- New figures revealed that while things are improving, England’s cancer survival stills lags behind other countries with similar healthcare systems. The BBC, Daily Telegraph and Mail Online covered the new stats, and we took a closer look in this blog post.
- Our scientists discovered that the genetic chaos within oesophageal cancers may help predict how patients will respond to chemotherapy. Here’s the press release, and we blogged about the study.
- A potential ‘urine test’ for pancreatic cancer hit the headlines this week. But it’s not an actual test yet – just a research finding. We blogged about what the research really found.
- And in more premature ‘test’ news, reports of a blood test to predict breast cancer appeared in the Mail Online. But once again, it’s too soon to be talking of tests based on this research – something we’ve blogged about before.
- The National Institute for Health and Care Excellence said it didn’t have enough data to make a decision on whether or not to approve an ovarian cancer drug. So it has asked the makers, AstraZeneca, for more. Here’s the Mail Online and Daily Telegraph’s take.
- A re-evaluation of all the available evidence shows that women who’ve used the contraceptive Pill have a reduced risk of womb cancer for more than 30 years after coming off it. We covered this, and here’s the Guardian’s report.
Number of the week:
The number of cases of womb cancer that our research estimates have been avoided over the last decade in high-income countries, through widespread use of the contraceptive Pill
- Our scientists in Birmingham discovered that neuroblastoma cells can produce a cellular ‘kryptonite’ that seems to sap the power from nearby immune cells, preventing them from attacking the disease. Here’s the press release, and we blogged about the study.
- “Frequent spicy meals linked to human longevity,” says the Guardian. But the study in question only showed a weak link between eating spicy food almost every day and the risk of dying from cancer. So, as NHS Choices pointed out, there’s not a lot to take away from these findings.
- BBC Radio 4 took an in-depth look at the tricky ethical issues that arise when teenagers with cancer decide they don’t want chemotherapy.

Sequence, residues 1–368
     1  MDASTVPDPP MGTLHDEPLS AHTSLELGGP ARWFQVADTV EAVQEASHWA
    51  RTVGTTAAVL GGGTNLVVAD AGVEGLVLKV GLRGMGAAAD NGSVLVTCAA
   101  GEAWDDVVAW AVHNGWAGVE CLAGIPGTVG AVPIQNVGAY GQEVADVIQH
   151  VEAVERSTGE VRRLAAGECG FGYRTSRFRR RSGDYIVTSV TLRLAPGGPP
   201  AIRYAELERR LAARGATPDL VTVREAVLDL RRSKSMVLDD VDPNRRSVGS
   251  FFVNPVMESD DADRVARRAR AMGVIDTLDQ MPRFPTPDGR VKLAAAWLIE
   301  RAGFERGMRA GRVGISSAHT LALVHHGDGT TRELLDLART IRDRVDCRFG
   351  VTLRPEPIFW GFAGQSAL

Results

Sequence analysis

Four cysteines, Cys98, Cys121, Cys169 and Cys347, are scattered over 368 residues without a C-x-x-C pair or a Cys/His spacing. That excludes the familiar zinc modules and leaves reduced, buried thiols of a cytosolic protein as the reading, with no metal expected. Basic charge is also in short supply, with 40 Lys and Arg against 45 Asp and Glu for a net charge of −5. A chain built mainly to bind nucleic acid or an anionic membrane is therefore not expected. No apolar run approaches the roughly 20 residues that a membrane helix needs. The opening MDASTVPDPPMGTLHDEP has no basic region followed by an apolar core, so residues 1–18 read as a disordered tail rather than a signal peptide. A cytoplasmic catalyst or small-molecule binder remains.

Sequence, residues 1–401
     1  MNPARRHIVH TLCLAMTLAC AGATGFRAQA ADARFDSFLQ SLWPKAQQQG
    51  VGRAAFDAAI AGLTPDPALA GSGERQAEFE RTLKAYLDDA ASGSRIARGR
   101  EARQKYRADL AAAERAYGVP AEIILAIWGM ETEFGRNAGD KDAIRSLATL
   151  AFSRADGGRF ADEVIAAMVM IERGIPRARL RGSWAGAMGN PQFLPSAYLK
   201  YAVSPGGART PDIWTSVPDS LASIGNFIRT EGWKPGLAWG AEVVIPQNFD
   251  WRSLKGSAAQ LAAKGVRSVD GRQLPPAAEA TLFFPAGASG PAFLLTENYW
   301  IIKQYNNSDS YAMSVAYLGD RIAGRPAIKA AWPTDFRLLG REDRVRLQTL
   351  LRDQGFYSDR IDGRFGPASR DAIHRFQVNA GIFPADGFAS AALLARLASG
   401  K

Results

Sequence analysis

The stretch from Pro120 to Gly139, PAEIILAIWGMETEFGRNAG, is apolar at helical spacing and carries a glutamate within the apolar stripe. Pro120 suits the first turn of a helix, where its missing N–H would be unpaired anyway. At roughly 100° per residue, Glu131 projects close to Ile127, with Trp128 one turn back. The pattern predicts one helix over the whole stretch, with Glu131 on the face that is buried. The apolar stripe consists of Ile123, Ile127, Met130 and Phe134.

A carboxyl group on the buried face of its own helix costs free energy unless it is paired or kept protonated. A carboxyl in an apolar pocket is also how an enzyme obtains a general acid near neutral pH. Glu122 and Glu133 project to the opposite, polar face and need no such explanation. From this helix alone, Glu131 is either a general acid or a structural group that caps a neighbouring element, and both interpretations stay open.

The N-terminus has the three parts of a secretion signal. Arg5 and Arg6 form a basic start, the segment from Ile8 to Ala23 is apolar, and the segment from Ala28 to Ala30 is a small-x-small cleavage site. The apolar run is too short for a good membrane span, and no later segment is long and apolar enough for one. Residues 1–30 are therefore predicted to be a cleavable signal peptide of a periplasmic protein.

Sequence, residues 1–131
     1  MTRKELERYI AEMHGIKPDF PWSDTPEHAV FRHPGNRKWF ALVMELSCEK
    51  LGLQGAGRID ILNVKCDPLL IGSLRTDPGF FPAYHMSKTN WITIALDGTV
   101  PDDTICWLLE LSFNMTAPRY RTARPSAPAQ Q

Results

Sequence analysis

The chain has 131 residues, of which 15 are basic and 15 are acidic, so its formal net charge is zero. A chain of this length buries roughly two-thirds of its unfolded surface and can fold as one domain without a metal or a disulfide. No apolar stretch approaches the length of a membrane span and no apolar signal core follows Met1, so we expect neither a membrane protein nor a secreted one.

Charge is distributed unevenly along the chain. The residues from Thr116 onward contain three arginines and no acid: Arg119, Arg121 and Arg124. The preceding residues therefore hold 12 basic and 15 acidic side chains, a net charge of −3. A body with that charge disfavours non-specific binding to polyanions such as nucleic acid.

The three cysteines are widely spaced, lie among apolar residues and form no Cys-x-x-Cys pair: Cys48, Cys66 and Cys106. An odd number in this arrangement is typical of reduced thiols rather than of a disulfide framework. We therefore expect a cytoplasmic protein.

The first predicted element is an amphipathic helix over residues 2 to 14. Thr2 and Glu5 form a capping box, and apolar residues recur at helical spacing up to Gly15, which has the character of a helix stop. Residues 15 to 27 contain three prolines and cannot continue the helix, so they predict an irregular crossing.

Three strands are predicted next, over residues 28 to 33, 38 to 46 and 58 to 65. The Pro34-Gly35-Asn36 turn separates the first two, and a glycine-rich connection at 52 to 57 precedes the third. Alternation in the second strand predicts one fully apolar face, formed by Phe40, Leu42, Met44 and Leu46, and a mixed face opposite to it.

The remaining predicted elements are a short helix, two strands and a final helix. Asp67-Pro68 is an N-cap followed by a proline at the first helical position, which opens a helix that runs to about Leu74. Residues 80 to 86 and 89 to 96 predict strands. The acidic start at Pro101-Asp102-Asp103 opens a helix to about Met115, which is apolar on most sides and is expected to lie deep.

- A charity chief executive questioned the speed with which a new immunotherapy treatment for lung cancer might be made available to NHS patients. The Daily Telegraph and Guardian have more on this, and we made this animation about how immunotherapy treatments work.
- Laboratory research on melanoma found that signals between the tumour and the surrounding healthy skin might play a role in how the disease spreads. The Mail Online covered this, but there’s still some way to go before this could lead to new treatments.
- Government guidelines for alcohol consumption, which are under review, came under scrutiny this week as a new study questioned how ‘realistic’ recommendations are. People seemed to prefer the Australian approach of different guidelines for long- and short-term risks – finding it easier to relate to their own lives, drinking habits and motivations to limit their intake. The BBC had our pick of the coverage, and there’s more info about alcohol and cancer here.
- Reuters questioned the cost implications of treating patients with combinations of new cancer drug treatments.
- Mobile phone giant Samsung announced plans to set up a fund to support its workers who have suffered health problems – including cancer – after working in its manufacturing facilities. CNET has the details.
- This Guardian article raised an important point on tackling awareness of potential differences in cancer risk among gay, lesbian, bisexual, transgender or queer/questioning (LGBTQ) people.